Is your practice ready for a Medicare audit? | The Initial Evaluation

PT compliance | Medicare auditIn this third in our series of Blogs asking the question “Is your practice ready for a Medicare audit?” we continue our discussion of the critical importance of the PT/OT Evaluation.

Medicare assigns significant weight to the patient information gathered and presented by the therapist during The Initial Evaluation. The initial evaluation records objective measurable data of the patient’s impairments to establish the baseline for assessing expected rehabilitation potential, setting realistic goals and measuring progress. Let’s explore the specifics of what they require as set forth in: LCD L26884

To support medical necessity, the evaluation should include the following items.

  • Presenting condition or complaint: “Why is the patient in your clinic today?”
    • Patients should exhibit a significant change from their “usual” physical or functional levels.
    • Provide an objective description of the changes in function that now necessitate skilled therapy.

NOTE: Simply stating “decline in function” does not adequately justify the initiation of therapy services.

  • Diagnosis and description of specific problem(s) to be evaluated:
    • Include area of the body, and conditions and complexities that could impact treatment.
  • Subjective complaints and date of onset: 
    • Accurately record this information.
  • Relevant medical history:
    • Applicable medical history, medications, comorbidities should be documented
  • Prior diagnostic imaging/testing results:
    • Accurately record this information
  • Prior therapy history for the same diagnosis, illness or injury:
    • Accurately record this information

NOTE: If the patient has recently had therapy, your documentation must clearly establish that additional therapy is reasonable and necessary at that time.

  • Social support/environment:
      • Does the patient live alone, with a caregiver, in a group home, etc.?
      • What level of support is available?
      • What level of independence is required for the patient to be safe in the home environment?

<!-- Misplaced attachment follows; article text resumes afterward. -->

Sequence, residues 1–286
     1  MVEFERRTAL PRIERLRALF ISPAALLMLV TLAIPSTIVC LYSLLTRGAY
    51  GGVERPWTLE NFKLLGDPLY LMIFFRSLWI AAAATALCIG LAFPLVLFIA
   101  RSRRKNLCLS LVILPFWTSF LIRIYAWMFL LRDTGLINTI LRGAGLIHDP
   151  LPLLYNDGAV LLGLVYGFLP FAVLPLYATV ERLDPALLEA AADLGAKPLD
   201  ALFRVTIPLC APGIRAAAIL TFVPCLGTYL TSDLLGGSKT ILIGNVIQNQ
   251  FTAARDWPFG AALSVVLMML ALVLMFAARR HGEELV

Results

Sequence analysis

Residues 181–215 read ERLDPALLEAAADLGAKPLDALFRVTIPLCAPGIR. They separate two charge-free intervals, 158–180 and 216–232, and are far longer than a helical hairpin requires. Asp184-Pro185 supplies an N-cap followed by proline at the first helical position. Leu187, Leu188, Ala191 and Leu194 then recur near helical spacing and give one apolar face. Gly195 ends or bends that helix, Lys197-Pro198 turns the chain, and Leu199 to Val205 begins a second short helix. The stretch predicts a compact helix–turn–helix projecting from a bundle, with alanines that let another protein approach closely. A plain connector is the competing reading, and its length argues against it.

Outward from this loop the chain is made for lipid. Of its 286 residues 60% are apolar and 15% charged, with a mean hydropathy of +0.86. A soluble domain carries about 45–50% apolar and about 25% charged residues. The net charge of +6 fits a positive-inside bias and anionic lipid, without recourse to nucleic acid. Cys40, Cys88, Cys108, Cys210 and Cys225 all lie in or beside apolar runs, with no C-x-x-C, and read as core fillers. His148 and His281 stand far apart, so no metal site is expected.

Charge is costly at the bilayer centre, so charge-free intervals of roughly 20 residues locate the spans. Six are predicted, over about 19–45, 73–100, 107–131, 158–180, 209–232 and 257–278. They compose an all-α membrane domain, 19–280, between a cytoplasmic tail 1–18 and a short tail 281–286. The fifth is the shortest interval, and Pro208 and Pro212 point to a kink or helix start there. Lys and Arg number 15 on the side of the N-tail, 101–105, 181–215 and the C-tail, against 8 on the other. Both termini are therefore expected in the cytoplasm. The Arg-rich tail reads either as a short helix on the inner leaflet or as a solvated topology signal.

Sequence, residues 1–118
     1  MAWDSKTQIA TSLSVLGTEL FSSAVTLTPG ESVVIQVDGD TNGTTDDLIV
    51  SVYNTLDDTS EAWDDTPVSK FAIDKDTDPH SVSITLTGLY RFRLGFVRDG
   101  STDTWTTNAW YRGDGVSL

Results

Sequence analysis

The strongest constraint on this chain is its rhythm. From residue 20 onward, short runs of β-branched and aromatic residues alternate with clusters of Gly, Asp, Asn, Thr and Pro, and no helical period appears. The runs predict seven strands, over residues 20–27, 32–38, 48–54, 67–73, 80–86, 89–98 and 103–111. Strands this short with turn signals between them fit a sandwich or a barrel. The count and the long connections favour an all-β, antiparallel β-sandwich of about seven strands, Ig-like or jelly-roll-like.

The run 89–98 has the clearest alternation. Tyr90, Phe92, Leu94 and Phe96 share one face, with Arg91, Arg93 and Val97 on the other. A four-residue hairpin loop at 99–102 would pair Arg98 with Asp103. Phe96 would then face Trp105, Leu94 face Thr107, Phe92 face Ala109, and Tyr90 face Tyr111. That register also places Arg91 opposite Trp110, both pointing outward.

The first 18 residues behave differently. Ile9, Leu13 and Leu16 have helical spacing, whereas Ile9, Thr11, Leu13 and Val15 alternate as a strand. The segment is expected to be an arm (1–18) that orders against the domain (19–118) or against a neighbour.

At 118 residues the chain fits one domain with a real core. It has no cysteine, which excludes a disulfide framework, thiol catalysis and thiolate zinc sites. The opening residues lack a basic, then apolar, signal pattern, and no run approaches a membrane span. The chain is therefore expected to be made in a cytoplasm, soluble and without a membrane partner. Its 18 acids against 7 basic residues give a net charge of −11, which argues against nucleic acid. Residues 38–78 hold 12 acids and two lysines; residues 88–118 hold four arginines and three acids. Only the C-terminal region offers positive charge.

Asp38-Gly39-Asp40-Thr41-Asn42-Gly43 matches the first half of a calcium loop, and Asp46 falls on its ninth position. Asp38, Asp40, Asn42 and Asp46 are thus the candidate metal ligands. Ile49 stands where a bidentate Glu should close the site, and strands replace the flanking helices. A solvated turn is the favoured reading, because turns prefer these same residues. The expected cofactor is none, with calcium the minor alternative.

• Does the home situation have obstacles that the patient must overcome (e.g., stairs without handrails)?
      • What are the patient’s usual responsibilities in the home environment?
  • Prior level of function:
    • Functional status just prior to the onset of the treating condition requiring therapy
    • Record in objective, measurable and functional terms

NOTE: This is a key piece of information used for establishing potential, prognosis and in setting realistic functional goals.

  • Functional testing:
    • Objectively measure and/or describe the patient’s current level of functioning. Examples, based on the patient’s need, may include:
        • mobility status (transfers, bed mobility, gait, etc);
        • self-care dependence (toileting, dressing, grooming, etc);
        • meaningful ADLs/IADLs;
        • pain, and how it limits function; and
        • functional balance.
  • Objective impairment testing:
    • Testing done to determine the source or cause of the functional limitation(s), such as ROM, manual muscle testing, coordination, tone assessment, balance etc.
    • Use concise, objective measurements.

NOTE: You should avoid minimal/moderate/severe types of descriptions when more specific definitions or measurements are available. For example, when measuring shoulder flexion AROM, document degrees of motion, rather than documenting, “Shoulder flexion: minimal loss of motion.”

  • Assessment:
    • Summary of the therapist’s analysis of the condition being evaluated based on the examination of the patient.

NOTE: Medical review decisions impacting audit outcomes are based on the information submitted in the medical record. The assessment of the patient is your opportunity to “make the case” for therapy. The clinical reasoning and judgment you employ in assessing treatment should be clearly recorded in this section.

  • Prognosis:
    • How likely is the patient to return to his/her prior level of function?
    • What is the maximum improvement expected, given the patient’s condition?

In our next Blog we will examine the Plan of Care.

Genco Healthcare helps practices achieve and maintain a culture of compliance. We also assist Healthcare Attorneys in defending their clients who have been audited or subject to pre-payment review. Consequently, we have our finger on the pulse of precisely what Medicare’s expectations are when it comes to medical documentation.

David Alben
Genco Healthcare
(914) 713-3606

Is your practice ready for a Medicare Audit | Part One

Physical Therapy Documentation_Audit-ChecklistIt is each Medicare provider’s responsibility to read and fully understand the rules and regulations that have been established for their specialty in Local Coverage Determination (LCD’s) and other official communications.  In the event of an audit or other review of your claims, it is prudent for a practice owner to expect that Medicare’s auditors will follow these policies to the letter; in every case.  The old adage “If you did not write it, you did not do it” clearly applies. Read more